I don't know the details surrounding the mother's life, but you haven't provided anything that would convince a judge to rip this child largely from the only parent she's ever known and give a nearly non-existent father a shot at doing better. It just doesn't work that way.

If you want to build a strong case for joint custody, move to Boston. Take a more active role in raising this child. See her at least a few times a week. Build a stronger and deeper relationship with her. Build a more trusting relationship with her mother.

After a couple years, ask the court for joint custody.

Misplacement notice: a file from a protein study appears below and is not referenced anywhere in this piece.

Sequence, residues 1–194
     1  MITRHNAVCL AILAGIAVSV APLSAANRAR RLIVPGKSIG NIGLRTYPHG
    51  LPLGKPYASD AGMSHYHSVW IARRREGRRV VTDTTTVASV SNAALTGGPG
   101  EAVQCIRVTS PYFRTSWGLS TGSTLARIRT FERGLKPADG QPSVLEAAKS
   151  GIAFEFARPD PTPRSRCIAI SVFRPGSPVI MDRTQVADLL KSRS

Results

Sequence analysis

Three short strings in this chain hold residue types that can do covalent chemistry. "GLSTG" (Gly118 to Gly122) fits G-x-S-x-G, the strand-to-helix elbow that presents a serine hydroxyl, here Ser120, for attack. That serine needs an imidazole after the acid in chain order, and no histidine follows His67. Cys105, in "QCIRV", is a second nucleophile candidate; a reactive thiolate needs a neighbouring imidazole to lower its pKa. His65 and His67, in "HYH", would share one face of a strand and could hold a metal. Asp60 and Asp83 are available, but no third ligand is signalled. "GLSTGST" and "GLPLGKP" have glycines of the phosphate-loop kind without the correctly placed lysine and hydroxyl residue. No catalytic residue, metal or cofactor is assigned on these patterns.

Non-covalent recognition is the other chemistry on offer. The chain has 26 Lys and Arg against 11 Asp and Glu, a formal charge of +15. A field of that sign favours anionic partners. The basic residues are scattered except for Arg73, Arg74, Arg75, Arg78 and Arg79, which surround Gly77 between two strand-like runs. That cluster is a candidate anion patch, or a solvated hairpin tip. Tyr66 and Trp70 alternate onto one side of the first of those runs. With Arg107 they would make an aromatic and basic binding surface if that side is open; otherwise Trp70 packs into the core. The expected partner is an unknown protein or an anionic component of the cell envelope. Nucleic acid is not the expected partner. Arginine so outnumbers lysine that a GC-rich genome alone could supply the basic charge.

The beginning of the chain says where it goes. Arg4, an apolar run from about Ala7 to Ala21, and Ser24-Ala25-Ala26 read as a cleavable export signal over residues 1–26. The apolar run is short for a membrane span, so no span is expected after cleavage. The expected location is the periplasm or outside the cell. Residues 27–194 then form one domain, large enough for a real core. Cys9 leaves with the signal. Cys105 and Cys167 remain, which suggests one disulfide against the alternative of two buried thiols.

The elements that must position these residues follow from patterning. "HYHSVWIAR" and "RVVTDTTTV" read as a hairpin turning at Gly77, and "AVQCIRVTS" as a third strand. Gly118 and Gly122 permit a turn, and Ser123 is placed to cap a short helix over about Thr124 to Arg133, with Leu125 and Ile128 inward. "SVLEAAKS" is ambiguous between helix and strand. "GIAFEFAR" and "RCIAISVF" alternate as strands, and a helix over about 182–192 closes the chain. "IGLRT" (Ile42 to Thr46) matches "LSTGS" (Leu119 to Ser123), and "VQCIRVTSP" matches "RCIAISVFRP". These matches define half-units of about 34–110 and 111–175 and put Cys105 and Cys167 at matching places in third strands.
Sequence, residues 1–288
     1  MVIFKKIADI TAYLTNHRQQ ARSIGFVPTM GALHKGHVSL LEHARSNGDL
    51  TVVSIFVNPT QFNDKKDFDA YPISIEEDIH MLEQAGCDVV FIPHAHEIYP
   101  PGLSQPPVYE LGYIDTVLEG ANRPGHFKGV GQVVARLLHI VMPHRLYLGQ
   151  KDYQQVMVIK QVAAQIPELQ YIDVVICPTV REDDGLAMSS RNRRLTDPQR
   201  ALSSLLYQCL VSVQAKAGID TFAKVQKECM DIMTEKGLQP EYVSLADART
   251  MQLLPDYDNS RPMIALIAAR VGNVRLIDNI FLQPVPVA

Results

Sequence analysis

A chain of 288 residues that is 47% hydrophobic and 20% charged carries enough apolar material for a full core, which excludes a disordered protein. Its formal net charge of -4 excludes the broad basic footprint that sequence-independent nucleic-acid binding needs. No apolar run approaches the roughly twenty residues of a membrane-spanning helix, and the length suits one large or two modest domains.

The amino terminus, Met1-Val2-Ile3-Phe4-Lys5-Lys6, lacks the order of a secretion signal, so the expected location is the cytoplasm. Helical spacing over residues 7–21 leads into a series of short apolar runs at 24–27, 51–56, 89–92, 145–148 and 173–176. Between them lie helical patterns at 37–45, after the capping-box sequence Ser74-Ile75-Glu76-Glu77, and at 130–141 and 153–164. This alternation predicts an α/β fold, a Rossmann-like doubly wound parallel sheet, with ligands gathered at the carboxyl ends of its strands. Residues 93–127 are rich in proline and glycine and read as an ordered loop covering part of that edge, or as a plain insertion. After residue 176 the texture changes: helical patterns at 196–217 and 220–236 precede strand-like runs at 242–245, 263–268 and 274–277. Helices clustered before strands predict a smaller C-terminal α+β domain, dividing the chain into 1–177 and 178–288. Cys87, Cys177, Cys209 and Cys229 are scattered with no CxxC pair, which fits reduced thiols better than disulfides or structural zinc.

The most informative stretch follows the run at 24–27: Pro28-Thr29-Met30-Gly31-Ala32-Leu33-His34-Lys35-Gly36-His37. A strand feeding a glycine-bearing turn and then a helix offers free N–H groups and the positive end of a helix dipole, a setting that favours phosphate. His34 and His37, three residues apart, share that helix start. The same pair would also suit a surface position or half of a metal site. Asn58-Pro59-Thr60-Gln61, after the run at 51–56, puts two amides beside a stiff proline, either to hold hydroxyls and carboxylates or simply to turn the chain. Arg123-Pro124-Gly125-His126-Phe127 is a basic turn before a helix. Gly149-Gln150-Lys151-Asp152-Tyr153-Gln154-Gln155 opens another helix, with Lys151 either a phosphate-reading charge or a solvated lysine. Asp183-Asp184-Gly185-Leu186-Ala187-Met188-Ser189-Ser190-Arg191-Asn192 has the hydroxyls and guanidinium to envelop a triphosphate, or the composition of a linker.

That's the path for you, if having joint custody is a priority in your life.

If you want the title, you need to do the work. It's never too late to change course and improve one's life. If you move to Boston and become actively involved in raising this girl, in a few years you will have a child who adoringly calls you Daddy and admires you for everything you do.

There's a book called, "Mom's House, Dad's House" that is probably at your local library. It's on my Book Reviews" page. I think you'd get so much out of it, in understanding what your child is going through during all this.

Good luck.

Eric





This website gives common sense advice that is not intended to act as legal guidance nor psychological guidance. The author is neither an attorney nor licensed psychologist. For specific legal guidance or specific psychological guidance, consult with a licensed professional.